Cholesterol Counselor Canon City CO

Eating foods and drinks with added phytosterols (plant stanols and sterols) is another way to drop your LDL. The American Heart Association recommends 2 to 3 grams a day of plant sterols to block the absorption of cholesterol and lower LDL by 5 to 10 percent.

Thomas L Matthew
(303) 652-8888
6800 N 79th St
Niwot, CO
Specialty
Thoracic Surgery, Vascular Surgery, Cardiac Surgery

Data Provided by:
David Neal Flitter, MD
(303) 861-3644
1000 Kearney St
Denver, CO
Specialties
Cardiology
Gender
Male
Education
Medical School: Suny-Hlth Sci Ctr At Brooklyn, Coll Of Med, Brooklyn Ny 11203
Graduation Year: 1975

Data Provided by:
Gary Lee Snyder, MD
(970) 244-2482
425 Patterson Rd Ste 605
Grand Junction, CO
Specialties
Cardiology
Gender
Male
Education
Medical School: Oh State Univ Coll Of Med, Columbus Oh 43210
Graduation Year: 1972
Hospital
Hospital: St Marys Hosp And Med Ctr, Grand Jct, Co; Community Hosp, Grand Jct, Co
Group Practice: Western Slope Cardiology

Data Provided by:
Susan M Polizzi
(303) 750-0822
1444 S Potomac St
Aurora, CO
Specialty
Cardiology, Cardiovascular Disease

Data Provided by:
Melvin Carmen Almodovar, MD
(617) 355-6000
4200 E 9th Ave
Denver, CO
Specialties
Cardiology
Gender
Male
Education
Medical School: Stanford Univ Sch Of Med, Stanford Ca 94305
Graduation Year: 1993

Data Provided by:
Gary Lee Snyder
(970) 244-2482
425 Patterson Rd
Grand Junction, CO
Specialty
Cardiology, Cardiovascular Disease

Data Provided by:
Scott Richard Valent, MD
(720) 284-3900
3655 Lutheran Pkwy Ste 201
Wheat Ridge, CO
Specialties
Cardiology
Gender
Male
Education
Medical School: Univ Of Vt Coll Of Med, Burlington Vt 05405
Graduation Year: 1990

Data Provided by:
Arthur J Rabinowitz, MD
(719) 564-1544
1925 E Orman Ave Ste A640
Pueblo, CO
Specialties
Cardiology, Internal Medicine
Gender
Male
Education
Medical School: Albany Med Coll, Albany Ny 12208
Graduation Year: 1983
Hospital
Hospital: Parma Comm General Hospital, Cleveland, Oh; Marymount Hospital, Garfield Hts, Oh
Group Practice: Westside Heart

Data Provided by:
Peter Warren Levitt, MD
(303) 788-7370
499 E Hampden Ave Ste 250
Englewood, CO
Specialties
Cardiology, Internal Medicine
Gender
Male
Education
Medical School: Univ Of Pittsburgh Sch Of Med, Pittsburgh Pa 15261
Graduation Year: 1971

Data Provided by:
Douglas Richard Martel, MD
(720) 284-3900
3655 Lutheran Pkwy Ste 201
Wheat Ridge, CO
Specialties
Cardiology
Gender
Male
Education
Medical School: Univ Of Tx Med Sch At San Antonio, San Antonio Tx 78284
Graduation Year: 1984

Data Provided by:
Data Provided by:

Elevated Cholesterol

Provided by: 

By Mark A. Moyad, MD, MPH

Q. My total cholesterol is normal, but my LDL (“bad cholesterol”) is elevated. Should I worry?

A. The short answer: Probably, but it depends on your HDL (good cholesterol) and triglyceride (the fat in your bloodstream) readings. Some doctors believe a high HDL (60 or more) cancels out the bad effects of a high LDL. However, researchers know an elevated LDL makes it harder for HDL to do its job. Think of LDL as a dump truck that drops trash on the street (blocking your arteries) and HDL as the street sweeper that cleans it up. If there are more dump trucks than street sweepers, the street will be congested. So I never like a patient’s LDL to be elevated, even when he or she has a high HDL or low triglycerides.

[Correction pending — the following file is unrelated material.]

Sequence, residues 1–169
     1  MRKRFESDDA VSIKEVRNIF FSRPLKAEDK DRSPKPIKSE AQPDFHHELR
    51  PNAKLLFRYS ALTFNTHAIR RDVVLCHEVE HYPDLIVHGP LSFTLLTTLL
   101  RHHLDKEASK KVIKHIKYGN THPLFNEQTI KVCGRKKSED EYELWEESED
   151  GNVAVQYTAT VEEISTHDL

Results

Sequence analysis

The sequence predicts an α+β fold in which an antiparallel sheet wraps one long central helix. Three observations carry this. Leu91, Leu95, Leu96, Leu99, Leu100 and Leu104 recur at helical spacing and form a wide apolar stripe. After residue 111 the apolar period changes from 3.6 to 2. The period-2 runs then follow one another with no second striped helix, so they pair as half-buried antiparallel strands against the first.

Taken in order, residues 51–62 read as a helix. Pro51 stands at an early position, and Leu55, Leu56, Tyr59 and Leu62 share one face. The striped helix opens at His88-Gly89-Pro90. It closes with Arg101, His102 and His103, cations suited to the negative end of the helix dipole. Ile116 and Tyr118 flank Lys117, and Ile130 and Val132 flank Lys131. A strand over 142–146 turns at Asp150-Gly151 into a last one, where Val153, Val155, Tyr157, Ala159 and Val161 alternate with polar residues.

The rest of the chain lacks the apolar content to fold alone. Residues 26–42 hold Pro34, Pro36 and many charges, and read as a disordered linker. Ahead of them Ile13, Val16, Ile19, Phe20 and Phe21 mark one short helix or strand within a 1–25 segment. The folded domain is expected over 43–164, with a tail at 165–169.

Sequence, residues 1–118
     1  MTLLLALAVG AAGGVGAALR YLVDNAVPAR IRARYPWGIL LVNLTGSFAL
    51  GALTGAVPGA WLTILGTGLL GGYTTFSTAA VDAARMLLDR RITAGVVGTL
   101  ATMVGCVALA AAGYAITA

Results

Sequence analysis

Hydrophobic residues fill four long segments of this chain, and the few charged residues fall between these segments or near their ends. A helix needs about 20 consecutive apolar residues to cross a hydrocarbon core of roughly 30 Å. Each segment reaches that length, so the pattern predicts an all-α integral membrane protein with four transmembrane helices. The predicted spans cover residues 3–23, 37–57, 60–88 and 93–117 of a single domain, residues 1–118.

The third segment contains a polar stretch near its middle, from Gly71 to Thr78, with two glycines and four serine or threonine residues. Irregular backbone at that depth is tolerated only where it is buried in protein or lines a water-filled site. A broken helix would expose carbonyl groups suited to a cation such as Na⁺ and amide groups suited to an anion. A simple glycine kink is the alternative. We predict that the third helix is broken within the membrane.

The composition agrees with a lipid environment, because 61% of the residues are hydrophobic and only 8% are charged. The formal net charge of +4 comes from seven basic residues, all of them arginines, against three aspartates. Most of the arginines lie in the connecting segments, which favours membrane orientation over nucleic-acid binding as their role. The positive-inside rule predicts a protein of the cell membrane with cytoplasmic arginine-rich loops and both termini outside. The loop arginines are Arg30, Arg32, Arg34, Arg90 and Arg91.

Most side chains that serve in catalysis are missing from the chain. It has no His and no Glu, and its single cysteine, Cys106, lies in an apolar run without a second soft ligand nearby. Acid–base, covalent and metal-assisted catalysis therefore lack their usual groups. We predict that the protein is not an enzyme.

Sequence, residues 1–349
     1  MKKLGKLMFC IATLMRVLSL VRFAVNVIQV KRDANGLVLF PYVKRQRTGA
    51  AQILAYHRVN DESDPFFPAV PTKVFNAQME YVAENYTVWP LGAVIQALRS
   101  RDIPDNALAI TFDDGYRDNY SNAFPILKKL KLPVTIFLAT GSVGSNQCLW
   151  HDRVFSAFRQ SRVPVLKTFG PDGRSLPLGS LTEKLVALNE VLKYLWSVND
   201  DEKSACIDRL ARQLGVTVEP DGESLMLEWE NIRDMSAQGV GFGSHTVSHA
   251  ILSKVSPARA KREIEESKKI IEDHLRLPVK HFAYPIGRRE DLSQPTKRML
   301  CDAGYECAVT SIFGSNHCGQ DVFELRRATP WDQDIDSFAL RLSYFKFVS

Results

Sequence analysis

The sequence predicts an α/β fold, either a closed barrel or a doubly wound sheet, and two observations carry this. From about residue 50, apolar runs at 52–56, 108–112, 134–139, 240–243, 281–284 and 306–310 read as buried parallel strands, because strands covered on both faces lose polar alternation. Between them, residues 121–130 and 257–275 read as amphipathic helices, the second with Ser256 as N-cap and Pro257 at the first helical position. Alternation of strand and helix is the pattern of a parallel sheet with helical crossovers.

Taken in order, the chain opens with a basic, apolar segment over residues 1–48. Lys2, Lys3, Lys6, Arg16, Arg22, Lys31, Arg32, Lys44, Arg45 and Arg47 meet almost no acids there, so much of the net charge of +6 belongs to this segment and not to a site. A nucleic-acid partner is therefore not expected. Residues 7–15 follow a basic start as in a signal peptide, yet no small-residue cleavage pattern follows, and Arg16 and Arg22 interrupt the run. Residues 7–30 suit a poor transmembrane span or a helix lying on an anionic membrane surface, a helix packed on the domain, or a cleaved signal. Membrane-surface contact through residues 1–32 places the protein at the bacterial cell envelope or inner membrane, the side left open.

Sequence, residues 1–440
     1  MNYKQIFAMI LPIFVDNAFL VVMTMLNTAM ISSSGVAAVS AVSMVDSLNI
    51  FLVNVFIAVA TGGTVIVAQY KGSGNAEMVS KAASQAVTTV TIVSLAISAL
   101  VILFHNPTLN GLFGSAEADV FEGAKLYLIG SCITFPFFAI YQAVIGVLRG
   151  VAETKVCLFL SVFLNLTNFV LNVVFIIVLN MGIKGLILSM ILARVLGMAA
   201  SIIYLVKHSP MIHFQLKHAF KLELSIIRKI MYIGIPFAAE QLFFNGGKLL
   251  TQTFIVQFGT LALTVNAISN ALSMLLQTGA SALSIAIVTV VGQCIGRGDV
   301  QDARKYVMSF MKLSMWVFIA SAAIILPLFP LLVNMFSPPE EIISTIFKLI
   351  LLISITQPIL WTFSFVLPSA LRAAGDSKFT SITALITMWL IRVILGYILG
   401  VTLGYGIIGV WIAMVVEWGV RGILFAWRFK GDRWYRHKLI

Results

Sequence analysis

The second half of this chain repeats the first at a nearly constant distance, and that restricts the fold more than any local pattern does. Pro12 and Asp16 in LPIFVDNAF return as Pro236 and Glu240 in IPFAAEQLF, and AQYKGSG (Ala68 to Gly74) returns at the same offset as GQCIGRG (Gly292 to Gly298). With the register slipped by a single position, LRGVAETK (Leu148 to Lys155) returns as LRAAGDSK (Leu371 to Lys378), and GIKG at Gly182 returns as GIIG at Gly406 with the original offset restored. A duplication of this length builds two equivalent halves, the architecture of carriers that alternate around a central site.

The good news: Simple changes can reduce your bad cholesterol and increase the good. For example, exercising for 30 minutes or more, four to five days a week, can lower LDL. In addition, recent research from the New England Journal of Medicine suggests the Mediterranean diet—low in saturated and trans fat, higher in healthy unsaturated fats, and lower in calories—reduces LDL cholesterol significantly better than other diets. This diet is rich in vegetables, lean fish, and chicken and low in red meat. A really low- or no-fat diet does a good job of lowering LDL at times, but may also unfortunately reduce HDL. Choose foods high in soluble fiber—whole grains, legumes, fruits, vegetables, nuts, and seeds—to reduce your LDL level. I recommend cereals that contain 10 to 15 grams of total fiber with several tablespoons of regular or golden flaxseed powder sprinkled on top. (Golden flax contains nearly twice the fiber as regular flax.) This will give you almost 20 grams of fiber in one bowl. Bonus: A low-fat, high-fiber breakfast provides lasting energy and lowers blood pressure—two big heart-healthy changes.

Eating foods and drinks with added phytosterols (plant stanols and sterols) is another way to drop your LDL. The American Heart Association recommends 2 to 3 grams a day of plant sterols to block the absorption of cholesterol and lower LDL by 5 to 10 percent.
But here’s the most important piece of advice: Heart disease can kill in an instant, so reduce your elevated LDL now because the potential health consequences of waiting simply aren’t worth it.

Mark A. Moyad, MD, MPH, is the author of Dr. Moyad’s No Bogus Science Health Advice
(Ann Arbor Media Group, October 2008).

4 Ways to Lower Cholesterol
∗ Niacin (a minimum of 100 to 200 mg a day) raises HDL and lowers LDL and triglycerides.
∗ Vitamin C (500 to 1,000 mg per day) can reduce inflammation in the arteries.
∗ Fish oil (500 to 1,000 mg daily) is another inflammation fighter.
∗ Red yeast rice extract (600 to 1,200 mg a day) can lower the production of cholesterol in the liver within a few weeks.

Author: Mark A. Moyad, MD, MPH

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